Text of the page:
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Growing Up Weightless

By John M. Ford 

2 Oct, 2018

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John M. Ford’s Growing Up Weightless is a standalone coming-of-age novel.

If Luna had an Age of Heroes, that era is long over by Matt Roney’s time. Independence from Earth was won decades ago. Geniuses gave humans starflight; by Matt’s era, interstellar travel is mundane. All of the interesting things have been done by previous generations. What is a teenager to do with himself?

To be honest, Matt does have a wealth of opportunities. So many that he cannot decide. Nor is it clear that any of them will offer him the independence and self-esteem he craves.

It’s not just unrelated oldbies who have done all the cool stuff; one of those oldbies is Matt’s father Albin. He’s a senior official in the lunar government. He’s smart, well-connected, meticulous … and to Matt’s eyes, cold and judgemental. For Matt, Albin is an obstacle, not a resource.

Matt’s view of Albin is unfair. Albin is supportive; it’s just that he is busy as hell. Luna is a dry, dry world; water is a limiting resource (one of the main ones, to be exact). As the lunar population and economy grow, the Lunarians will exhaust their known water supplies in the foreseeable future. Earth-based Vacor says it has a solution, but for historical reasons Albin is wary of terrestrial entanglements.

While Albin wrestles with ensuring Luna’s future, Matt and his friends set out on a covert foray that will take them on a tour round their frontier world.


It is best not to think about the novel’s timeline because it doesn’t work. Let me explain at greater length why you should not think about that, as compressed timelines are encountered in SF from time to time.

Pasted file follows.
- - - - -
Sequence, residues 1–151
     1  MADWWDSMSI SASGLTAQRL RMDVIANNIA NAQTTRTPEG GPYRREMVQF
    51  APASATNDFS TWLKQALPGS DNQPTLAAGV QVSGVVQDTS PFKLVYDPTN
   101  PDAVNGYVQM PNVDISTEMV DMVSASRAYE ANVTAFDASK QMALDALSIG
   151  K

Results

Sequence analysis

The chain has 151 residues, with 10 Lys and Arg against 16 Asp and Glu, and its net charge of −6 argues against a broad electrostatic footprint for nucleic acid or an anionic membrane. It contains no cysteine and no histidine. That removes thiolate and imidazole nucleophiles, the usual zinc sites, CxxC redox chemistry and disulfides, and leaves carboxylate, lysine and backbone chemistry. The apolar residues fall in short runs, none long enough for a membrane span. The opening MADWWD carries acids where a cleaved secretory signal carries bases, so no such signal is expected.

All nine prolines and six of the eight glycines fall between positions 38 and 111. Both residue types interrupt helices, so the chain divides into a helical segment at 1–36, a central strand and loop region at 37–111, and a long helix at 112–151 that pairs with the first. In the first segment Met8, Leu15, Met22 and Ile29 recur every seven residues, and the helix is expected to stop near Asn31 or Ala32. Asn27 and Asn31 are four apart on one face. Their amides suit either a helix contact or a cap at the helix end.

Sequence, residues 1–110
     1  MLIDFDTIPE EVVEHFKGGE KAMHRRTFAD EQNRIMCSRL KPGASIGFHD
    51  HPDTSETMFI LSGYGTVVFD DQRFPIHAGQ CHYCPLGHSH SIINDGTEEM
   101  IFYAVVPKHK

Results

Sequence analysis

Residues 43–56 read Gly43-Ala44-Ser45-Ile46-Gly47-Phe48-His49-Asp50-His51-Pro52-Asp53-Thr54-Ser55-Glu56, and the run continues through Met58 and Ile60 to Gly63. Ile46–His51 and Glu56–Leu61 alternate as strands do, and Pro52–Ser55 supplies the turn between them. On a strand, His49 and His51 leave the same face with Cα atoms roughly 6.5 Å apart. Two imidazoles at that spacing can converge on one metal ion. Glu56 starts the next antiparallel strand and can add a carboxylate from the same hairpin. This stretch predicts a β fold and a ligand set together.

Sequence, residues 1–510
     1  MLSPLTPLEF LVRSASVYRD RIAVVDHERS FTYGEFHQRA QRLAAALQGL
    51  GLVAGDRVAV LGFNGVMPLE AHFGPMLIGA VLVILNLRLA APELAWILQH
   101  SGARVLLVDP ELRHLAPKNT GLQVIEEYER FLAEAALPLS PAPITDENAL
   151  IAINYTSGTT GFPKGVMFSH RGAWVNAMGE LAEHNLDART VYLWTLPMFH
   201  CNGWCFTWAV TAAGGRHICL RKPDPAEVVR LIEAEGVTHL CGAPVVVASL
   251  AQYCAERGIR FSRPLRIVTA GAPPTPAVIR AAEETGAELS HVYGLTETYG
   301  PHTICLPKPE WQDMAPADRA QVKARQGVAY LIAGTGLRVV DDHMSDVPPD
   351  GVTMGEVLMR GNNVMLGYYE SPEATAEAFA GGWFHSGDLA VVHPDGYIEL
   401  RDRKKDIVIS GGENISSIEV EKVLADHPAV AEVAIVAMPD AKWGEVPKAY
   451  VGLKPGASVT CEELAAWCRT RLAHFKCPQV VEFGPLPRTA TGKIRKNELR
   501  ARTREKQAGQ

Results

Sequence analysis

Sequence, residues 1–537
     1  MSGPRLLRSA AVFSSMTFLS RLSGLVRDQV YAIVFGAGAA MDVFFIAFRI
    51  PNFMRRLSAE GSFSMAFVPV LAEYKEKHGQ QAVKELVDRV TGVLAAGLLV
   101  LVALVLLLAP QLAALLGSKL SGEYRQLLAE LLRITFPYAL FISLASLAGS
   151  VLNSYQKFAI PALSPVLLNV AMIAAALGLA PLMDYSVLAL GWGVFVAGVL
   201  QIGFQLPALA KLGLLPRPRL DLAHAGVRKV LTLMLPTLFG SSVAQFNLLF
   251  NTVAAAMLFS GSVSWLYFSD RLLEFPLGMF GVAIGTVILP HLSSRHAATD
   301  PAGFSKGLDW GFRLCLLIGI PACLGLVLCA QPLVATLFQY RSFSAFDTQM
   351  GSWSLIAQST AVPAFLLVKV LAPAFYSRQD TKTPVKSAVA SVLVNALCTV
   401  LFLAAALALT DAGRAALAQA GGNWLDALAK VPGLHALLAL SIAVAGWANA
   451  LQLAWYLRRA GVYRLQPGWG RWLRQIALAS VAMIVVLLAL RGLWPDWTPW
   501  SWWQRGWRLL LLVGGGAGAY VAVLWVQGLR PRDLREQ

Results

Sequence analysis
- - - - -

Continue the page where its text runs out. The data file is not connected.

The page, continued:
We’re told that interstellar flight has only been around for less than a human lifetime, but what we’re told about the extrasolar colonies suggests that there’s been centuries worth of cultural divergence. The lunar history is also improbable. Luna appears to have gone from the first crewed habitation to a nation demanding independence in an implausibly short time.

I’ve seen this sort of compressed timeline in other works of SF. Sheffield had the Belt developed enough to fight a genocidal war with Earth by the 2070s, while Pournelle’s Co-Dominium managed to go from the design for an FTL drive in 2004 to extrasolar colonies by 2020 despite lack of governmental support for R&D.

These choices were probably driven by the demands of narrative. Most historical processes happen at a slow pace (decades or centuries of slow change, possibly leading to some seeming-sudden development). Ford’s model for his moon might be the American revolution, as channeled via Heinlein’s The Moon is a Harsh Mistress. In the real world it took about almost three centuries to go from the catastrophe of 1492 to the Declaration of Independence. However, no hypothetical moon colonists of the 21st century will want to wait until the 24th century for their glorious revolution.

Lunarian society might seem like a utopia from our current vantage point. Luna is a decent place to live. Nobody is homeless, hungry, or worried about paying for their next shot of insulin. Matt is troubled by an excess of career alternatives, not worrying about limited, dead-end, starvation-level futures.

But … a complete utopia wouldn’t tolerate the sort of casual bigotry Matt has learned from Albin. If Matt and Albin are reliable examples, Lunarians are a prickly folk who don’t think much of people from Earth. Still, it’s a muttered-insult sort of bigotry, not lynch-mob bigotry. It is also understandable, given Luna’s precarious existence: if their economy ever tanks badly enough that they cannot maintain their infrastructure, the moon cities may join Petra in the dustbin of history.

Ford never liked explaining the obvious. Sometimes readers find his obvious somewhat opaque. Such readers tend to bounce off this book. But if you actually like figuring out how things work from the usual SF inclueing, you may love this book to distraction.

Growing Up Weightless has lots of conflict but very little drama, something that might have worked against the novel getting wider recognition. So too might Ford’s comparatively supportive view of government: this isn’t the usual feudalism-in-space or libertarian tosh. Luna is an effectively managed community and its people are (prejudice against Earth aside) a sensible lot, so the sort of contrived excitement other authors might have written into the plot just is not in the cards. Rather than explosions, decompression events, or malevolent socialists, the novel is driven by character.

Growing Up Weightless is out of print, which is a shame. Certain authors could learn from its example. There are entire generations of readers who have never had a chance to read and enjoy it. Nothing to be done, though, aside from waiting for it to come into the public domain some time towards the dawn of the 22nd century. Or later, if Disney has its way.